Wednesday 15th September 2021
Land’s End is undoubtedly beautiful but the site is also unashamedly commercial. As well as the spectacular craggy rocks, breaking waves and uninterrupted views there is a signpost giving the distances to New York and John O’Groats. During the day there is a man offering, for a price, personalised photo opportunities which include the date and individual messages on two extra panels.
Before breakfast we seized the opportunity to avoid the queue and take a free photo at the Lands End signpost before the man reappeared.
We had booked entry tickets to St Micheal’s Mount for 11:00. Usually a boat trip is to be anticipated and enjoyed but we found were a little disappointed that on the day of our visit we would not be able to walk The Causeway in either direction due to the tides.
On the way over it seemed to be “Take your Dog to work Day”: a very chilled spaniel was supervising the crossing.
The trip across to the little harbour is brief and a metal footprint at the top of the steps up to the quay marks the spot where Queen Victoria first set foot upon the island in 1846.
St Michael’s Mount has been inhabited for over three thousand years and for more than three centuries it was controlled by the Abbey of Mont-St-Michel in Normandy, responsible for the earliest surviving buildings which were started in 1135.
From the harbour, we walked up to the castle: looking back towards the mainland, the submerged path of The Causeway is clearly visible.
As a tidal island, St Michael’s Mount makes an excellent fortress and we passed the historic gun batteries near the Summit.
Although the site is managed by the National Trust the St Aubyn family still live in the castle itself.
Consequently, the rooms inside seem very welcoming and cosy.
The hall is known as the Chevy Chase
A short narrow gauge railway was built underground around 1900 to transport goods up to the castle and rubbish back down. Although still operational, much to Robert’s disappointment, the gradient is deemed to be too steep for passengers to use. It is Britain’s last operational 4foot 6inch railway and a short section is visible at the harbour.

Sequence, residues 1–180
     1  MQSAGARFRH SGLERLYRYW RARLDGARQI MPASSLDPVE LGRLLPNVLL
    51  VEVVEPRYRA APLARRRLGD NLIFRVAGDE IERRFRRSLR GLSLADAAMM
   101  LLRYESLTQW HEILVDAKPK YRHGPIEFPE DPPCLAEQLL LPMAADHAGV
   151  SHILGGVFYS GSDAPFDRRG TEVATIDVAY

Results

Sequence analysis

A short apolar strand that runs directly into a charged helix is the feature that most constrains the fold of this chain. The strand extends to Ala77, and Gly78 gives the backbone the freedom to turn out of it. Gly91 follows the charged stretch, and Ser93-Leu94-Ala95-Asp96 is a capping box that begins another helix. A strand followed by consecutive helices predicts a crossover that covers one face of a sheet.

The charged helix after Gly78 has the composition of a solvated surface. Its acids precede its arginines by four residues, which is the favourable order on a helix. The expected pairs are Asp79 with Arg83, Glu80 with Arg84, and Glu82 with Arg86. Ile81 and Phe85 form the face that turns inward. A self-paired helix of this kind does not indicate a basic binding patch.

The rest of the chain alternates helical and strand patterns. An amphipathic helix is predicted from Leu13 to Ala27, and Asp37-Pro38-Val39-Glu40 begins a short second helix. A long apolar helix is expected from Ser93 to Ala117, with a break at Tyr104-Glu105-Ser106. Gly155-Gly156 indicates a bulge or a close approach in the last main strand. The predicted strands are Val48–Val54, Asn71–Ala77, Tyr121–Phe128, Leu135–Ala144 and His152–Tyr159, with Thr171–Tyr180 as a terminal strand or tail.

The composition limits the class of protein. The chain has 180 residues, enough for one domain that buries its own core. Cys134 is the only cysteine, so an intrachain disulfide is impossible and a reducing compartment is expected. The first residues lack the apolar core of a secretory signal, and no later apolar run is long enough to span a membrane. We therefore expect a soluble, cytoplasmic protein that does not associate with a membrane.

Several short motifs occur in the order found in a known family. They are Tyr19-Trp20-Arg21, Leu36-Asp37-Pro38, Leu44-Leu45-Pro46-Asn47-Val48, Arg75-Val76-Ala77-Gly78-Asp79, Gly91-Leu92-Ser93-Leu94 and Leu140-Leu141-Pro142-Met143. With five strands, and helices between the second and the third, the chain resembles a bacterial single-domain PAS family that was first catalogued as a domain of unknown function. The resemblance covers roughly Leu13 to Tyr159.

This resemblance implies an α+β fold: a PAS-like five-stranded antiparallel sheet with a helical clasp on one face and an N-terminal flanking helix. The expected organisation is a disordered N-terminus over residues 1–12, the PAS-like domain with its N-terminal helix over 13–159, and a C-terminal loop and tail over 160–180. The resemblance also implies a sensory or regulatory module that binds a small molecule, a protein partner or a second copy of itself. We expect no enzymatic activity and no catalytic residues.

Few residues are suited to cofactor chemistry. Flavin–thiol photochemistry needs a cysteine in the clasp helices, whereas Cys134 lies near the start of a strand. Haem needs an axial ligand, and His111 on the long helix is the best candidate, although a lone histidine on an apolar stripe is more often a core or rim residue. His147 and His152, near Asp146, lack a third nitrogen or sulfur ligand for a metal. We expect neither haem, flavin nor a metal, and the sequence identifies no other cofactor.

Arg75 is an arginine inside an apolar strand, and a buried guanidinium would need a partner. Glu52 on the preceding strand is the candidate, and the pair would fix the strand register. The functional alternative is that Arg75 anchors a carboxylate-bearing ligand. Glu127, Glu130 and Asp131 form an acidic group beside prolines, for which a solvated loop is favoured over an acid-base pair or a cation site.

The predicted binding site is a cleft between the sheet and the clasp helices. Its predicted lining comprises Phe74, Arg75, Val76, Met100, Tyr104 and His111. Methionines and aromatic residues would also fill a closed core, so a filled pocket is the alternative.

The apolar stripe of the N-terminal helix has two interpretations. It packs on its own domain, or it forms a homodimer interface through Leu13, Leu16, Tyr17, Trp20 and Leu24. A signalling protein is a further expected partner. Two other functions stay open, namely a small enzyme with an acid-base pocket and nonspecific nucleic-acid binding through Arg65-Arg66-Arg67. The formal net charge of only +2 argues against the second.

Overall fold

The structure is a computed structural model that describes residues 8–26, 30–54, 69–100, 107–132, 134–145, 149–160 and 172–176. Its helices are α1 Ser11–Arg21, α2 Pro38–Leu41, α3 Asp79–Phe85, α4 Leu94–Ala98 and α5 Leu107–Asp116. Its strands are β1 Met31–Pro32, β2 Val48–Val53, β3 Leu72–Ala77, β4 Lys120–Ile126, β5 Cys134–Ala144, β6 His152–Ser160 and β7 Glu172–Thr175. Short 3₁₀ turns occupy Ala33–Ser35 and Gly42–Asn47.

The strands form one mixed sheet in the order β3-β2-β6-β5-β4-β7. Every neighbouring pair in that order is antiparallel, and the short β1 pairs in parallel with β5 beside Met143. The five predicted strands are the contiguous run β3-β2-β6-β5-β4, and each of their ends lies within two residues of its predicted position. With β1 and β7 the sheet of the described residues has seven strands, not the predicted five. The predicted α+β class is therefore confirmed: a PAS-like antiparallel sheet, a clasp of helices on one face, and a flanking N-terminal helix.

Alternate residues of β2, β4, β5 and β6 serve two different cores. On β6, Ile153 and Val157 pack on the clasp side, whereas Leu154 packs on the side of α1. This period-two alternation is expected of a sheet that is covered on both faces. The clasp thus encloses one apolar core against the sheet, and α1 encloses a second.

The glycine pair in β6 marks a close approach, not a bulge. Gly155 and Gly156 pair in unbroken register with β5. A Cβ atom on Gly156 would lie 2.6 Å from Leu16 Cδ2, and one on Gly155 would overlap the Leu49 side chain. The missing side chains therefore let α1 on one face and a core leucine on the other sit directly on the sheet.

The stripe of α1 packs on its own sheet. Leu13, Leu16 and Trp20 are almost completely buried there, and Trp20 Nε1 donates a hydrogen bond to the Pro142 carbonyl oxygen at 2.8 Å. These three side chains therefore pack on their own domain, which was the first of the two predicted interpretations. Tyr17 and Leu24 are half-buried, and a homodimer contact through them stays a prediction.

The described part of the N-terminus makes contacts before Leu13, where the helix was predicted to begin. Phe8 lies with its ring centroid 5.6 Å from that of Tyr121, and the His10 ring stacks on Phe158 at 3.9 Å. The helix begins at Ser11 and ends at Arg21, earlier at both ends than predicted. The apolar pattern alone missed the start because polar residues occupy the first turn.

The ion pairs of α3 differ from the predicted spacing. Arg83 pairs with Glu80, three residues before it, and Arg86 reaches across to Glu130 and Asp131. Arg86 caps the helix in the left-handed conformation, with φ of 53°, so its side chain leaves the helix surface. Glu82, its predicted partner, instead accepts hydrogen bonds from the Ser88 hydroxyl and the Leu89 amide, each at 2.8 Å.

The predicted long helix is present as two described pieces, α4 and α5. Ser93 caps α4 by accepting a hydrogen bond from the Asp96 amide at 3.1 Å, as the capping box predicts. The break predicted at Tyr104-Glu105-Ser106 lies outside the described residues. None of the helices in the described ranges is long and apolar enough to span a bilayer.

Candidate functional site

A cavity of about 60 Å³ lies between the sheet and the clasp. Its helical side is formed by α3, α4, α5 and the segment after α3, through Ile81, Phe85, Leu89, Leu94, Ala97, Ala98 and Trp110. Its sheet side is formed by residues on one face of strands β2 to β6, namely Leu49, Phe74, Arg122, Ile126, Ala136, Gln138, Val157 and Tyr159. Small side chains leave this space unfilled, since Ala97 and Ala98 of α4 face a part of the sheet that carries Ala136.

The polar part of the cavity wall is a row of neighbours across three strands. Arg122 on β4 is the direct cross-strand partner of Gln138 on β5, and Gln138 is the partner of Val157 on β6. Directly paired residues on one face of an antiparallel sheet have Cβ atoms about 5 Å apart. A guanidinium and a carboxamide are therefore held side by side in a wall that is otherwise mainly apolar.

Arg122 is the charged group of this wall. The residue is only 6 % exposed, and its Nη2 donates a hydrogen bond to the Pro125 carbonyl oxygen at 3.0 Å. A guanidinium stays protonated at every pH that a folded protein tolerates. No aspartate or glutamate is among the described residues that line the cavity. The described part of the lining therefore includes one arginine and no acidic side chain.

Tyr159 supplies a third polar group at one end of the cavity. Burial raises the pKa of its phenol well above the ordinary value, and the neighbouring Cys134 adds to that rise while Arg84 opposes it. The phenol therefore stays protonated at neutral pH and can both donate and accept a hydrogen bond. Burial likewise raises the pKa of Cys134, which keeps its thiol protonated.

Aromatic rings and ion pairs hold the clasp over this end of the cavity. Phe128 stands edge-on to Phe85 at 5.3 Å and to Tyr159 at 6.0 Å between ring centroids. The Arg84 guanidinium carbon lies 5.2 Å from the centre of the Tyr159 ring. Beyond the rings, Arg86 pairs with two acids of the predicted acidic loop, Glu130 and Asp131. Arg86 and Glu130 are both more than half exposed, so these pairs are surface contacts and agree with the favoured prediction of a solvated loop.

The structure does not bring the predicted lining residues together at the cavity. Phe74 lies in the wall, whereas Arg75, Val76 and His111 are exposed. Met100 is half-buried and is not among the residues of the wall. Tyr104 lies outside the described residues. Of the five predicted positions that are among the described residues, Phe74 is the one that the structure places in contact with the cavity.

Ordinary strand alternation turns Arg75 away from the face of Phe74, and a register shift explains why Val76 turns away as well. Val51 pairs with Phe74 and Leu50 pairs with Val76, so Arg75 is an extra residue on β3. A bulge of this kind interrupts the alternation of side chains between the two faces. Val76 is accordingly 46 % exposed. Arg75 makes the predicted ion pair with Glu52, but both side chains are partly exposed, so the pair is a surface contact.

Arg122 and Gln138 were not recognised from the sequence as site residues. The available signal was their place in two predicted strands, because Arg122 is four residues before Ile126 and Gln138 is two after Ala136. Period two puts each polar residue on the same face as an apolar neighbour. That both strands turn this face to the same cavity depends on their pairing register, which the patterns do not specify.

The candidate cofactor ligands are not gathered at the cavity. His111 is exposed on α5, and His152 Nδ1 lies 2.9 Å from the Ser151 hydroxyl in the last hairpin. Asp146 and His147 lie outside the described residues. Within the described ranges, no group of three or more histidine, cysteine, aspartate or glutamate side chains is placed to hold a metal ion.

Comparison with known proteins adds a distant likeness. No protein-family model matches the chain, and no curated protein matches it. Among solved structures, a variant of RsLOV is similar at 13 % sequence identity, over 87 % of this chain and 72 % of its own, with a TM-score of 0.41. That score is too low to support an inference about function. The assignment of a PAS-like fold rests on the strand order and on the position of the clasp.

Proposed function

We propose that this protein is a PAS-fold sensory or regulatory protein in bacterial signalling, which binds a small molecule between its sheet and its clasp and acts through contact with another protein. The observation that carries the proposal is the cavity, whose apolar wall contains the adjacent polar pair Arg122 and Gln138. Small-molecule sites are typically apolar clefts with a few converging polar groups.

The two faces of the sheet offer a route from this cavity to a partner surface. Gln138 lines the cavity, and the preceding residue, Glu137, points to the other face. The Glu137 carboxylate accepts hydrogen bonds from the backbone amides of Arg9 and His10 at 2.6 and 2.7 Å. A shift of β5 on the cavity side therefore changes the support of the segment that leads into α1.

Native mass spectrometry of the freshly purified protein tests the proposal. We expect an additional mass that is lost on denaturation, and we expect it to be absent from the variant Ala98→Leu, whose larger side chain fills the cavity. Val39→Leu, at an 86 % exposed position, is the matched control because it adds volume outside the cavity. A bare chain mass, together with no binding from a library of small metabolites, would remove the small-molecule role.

The gardens were not open on the day we visited but, as they have been designed, at least in part, to be seen from above, we could enjoy the views of the terraces from the ramparts.
While we were there Robert calculated that, as Matilda is now classed as a senior, it would be worth buying her the present of life membership of the National Trust. As a life member you can take a friend in with you so this would give us both entry to many lovely sites and properties. Unfortunately, the gentleman from the National Trust could not process this payment and advised us to go to Godolphin.
Once at Godolphin we filled in the form for life membership and Robert asked whether it would be possible for him to “gift aid” the tax. This request required some investigation and we strolled off to have a brief look at the grounds whilst enquiries were made.
Godolphin is an estate with a medieval garden and a historic house, which unfortunately was not open. although the colonnaded north range gives a sense of how impressive it must have originally been before it became a tenant farm holding.
The enclosed King’s Garden includes the King’s House in one corner.
It is rumoured that in 1646 the future King Charles II, then the Prince of Wales, stayed here the night before he sailed to the Isles of Scilly to escape the advancing Parliamentarian forces, but apparently St Micheal’s Mount and a house in Marazion also make this claim.
There are several bee boles and unusual bee skeps in the King’s Garden: the boles are recesses, positioned in the warm south facing wall and the skeps are woven bee hives.
Unfortunately, no answer was as yet forthcoming about the gift aid and it was agreed that Robert would call to discuss the matter with head office.
Now in possession of a piece of paper proclaiming life membership of the National Trust we set off for Fowey where we were staying for the night with Matilda searching for places we could visit on our journey the following day which did not require pre-booking.
In Fowey, we had our hotel terrace almost to ourselves as non-residents were not allowed to enjoy this lovely harbour side spot. We made good use of it.